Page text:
Film Review: ‘Thor: Ragnarok’

Thor does Planet Hulk…

Spoiler-free review


Thor 3

For Asgard: Chris Hemsworth leads the quest to save his home in Marvel Studios release ‘Thor: Ragnarok’.

Starring: Chris Hemsworth, Tom Hiddleston, Mark Ruffalo, Cate Blanchett, Jeff Goldblum, Karl Urban, Anthony Hopkins, Idris Elba, Tessa Thompson

Directed by: Taikia Waititi / Written by: Eric Pearson, Craig Kyle & Christopher L. Yost / 130 minutes

What’s it about?

As Asgard is attacked by Hela, the Goddess of Death, Thor finds himself stranded on a hostile alien planet where he is reunited with a familiar face and a hope to save his civilization from destruction…

In review

After sitting out last year’s team up in Captain America: Civil War, Marvel’s God of Thunder returns to the screen for a third solo outing where he is reunited with a “friend…from work” – the raging Incredible Hulk for an offbeat cosmic comic book adventure that’s a lot of fun, if overly daft and a little too self-indulgent.

Thor: Ragnarok largely eschews the more Shakespearean tone of Kenneth Branagh’s Thor and Alan Taylor’s Thor: The Dark World, director Taikia Waititi taking things in a somewhat goofier and lighter direction.  This is both a blessing and a curse, because at times Ragnarok feels like a James Gunn cover version, rarely straying too far from zany frivolity – often at the expense of drama and character.  A good dose of levity isn’t unwelcome, and there are genuinely funny moments, but what works so well for Guardians of the Galaxy doesn’t always hit the mark here and for a film that concerns the fall of Thor’s home – the mighty and magical realm of Asgard, the preference for those instances undermines some of the dramatic potential of Ragnarok.

Like those aforementioned directors, Waititi presents the viewer with a colourful, visually majestic film with grand scale and exciting blockbuster action.  If the film is occasionally let down by its slapstick tendencies and Guardians-esque imitations, there’s no faulting the craftsmanship and slick direction.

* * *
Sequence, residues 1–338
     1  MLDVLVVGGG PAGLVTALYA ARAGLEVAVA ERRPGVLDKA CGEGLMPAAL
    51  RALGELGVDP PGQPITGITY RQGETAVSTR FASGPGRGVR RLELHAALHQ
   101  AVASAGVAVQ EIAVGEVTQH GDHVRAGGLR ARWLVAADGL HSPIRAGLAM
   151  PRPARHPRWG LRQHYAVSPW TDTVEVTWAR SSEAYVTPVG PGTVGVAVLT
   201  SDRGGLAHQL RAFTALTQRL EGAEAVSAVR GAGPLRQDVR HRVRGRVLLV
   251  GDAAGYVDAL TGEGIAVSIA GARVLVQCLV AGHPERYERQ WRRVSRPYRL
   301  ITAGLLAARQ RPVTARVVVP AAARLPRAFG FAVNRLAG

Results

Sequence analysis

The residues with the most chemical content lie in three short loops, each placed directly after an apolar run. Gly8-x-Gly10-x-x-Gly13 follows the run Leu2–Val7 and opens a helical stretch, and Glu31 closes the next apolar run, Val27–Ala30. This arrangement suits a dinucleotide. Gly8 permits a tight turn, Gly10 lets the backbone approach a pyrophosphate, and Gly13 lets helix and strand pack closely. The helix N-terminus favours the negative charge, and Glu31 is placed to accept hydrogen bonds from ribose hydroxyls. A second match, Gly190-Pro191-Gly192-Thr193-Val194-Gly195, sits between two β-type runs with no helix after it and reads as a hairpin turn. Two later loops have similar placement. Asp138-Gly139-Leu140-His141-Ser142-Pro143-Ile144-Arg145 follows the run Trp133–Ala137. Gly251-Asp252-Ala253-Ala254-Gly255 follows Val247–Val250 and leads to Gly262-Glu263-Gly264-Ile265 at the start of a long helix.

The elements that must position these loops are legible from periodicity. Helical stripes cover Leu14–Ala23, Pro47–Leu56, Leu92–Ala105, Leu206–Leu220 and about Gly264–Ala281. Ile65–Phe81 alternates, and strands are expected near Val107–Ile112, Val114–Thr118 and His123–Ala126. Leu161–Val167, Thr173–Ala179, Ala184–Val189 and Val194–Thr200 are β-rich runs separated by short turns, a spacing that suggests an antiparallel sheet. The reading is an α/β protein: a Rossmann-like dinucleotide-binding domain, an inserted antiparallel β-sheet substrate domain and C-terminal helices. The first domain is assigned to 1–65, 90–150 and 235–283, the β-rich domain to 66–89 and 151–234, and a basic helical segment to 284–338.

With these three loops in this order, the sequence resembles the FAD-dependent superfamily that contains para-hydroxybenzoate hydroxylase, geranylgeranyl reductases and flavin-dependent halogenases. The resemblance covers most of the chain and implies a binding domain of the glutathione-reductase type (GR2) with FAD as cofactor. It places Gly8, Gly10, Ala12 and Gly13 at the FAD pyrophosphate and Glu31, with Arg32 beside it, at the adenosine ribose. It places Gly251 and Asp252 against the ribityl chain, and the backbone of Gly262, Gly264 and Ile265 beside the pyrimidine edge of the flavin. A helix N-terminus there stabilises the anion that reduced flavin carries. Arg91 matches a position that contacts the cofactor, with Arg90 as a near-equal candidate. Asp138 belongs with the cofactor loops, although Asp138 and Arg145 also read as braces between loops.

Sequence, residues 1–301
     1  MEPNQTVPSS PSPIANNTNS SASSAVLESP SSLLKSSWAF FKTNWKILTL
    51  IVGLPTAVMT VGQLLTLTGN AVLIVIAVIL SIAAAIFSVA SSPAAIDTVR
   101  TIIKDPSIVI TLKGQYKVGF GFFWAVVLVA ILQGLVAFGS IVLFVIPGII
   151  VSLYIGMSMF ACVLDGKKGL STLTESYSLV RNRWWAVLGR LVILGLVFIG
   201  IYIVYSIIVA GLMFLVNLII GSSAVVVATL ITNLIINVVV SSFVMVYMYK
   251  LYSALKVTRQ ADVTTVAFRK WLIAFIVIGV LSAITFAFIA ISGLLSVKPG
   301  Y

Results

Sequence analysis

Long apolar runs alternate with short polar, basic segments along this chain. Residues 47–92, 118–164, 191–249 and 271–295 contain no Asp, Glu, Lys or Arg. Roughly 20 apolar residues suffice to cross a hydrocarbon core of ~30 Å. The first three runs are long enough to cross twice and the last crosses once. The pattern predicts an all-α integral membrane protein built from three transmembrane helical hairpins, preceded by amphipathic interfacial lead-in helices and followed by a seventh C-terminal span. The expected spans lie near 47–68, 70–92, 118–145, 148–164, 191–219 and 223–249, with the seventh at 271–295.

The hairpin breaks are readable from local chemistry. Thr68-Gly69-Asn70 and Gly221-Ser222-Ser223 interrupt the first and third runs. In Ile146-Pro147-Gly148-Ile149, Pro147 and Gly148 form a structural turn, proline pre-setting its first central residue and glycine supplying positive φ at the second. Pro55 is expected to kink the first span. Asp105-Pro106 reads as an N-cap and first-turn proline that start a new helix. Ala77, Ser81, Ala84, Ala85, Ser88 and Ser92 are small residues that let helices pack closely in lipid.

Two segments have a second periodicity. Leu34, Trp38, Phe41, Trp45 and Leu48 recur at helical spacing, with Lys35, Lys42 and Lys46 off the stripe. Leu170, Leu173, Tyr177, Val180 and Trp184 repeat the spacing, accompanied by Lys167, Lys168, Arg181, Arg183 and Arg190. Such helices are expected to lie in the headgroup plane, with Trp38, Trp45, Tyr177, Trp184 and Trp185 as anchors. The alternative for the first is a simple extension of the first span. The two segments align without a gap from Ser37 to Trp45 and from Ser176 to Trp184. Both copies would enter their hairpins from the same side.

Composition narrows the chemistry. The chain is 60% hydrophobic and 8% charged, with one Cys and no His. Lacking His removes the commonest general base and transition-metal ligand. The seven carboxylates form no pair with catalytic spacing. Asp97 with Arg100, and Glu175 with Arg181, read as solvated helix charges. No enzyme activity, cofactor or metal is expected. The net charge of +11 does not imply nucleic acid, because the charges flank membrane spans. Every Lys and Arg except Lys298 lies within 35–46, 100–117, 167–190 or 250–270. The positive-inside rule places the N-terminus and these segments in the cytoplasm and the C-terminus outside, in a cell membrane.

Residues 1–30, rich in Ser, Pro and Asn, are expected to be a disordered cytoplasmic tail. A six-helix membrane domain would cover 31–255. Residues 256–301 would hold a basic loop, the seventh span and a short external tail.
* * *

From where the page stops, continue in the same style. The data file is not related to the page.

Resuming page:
Chris Hemsworth makes an assured return as Thor and clearly relishes this particular take, confidently leading the rest of the cast.  What Ragnarok achieves more successfully than previous outings is giving us a Thor that truly feels like a God of Thunder and there are a few standout moments where director Waititi ensures that this strikes the viewer with awe.

Tom Hiddleston is once again on top form as he effortlessly hits the ground running as the devious Loki, further exploring his fractured brotherly dynamic with Hemsworth’s Thor.  There are also notable returns for Anthony Hopkins (Odin) and Idris Elba (Heimdall) as well as a guest role for the always excellent Karl Urban as Skurge (Asgard’s new keeper of the Rainbrow Bridge) and Westworld’s Tessa Thompson proves to be a highlight as former Asgardian warrior turned drunken bounty hunter, Valkyrie.

As for the bringer of Asgard’s doom, Cate Blanchett oozes and thrills as Hela (Marvel Studios’ first female villain) in a performance that deftly melds a dark, maniacal edge with sizzling sassiness.  Along with Hiddleston’s Loki she is one of the more memorable and better served antagonists of the MCU thus far.

Arguably though, the real star of the show is Mark Ruffalo – whether via performance capture as the Hulk (continuing advances in technology allowing every nuance to penetrate the computer generated exterior) or Bruce Banner, he infuses the role with a richness and charm that seizes the attention of the audience with a portrayal that’s equally heartfelt and funny.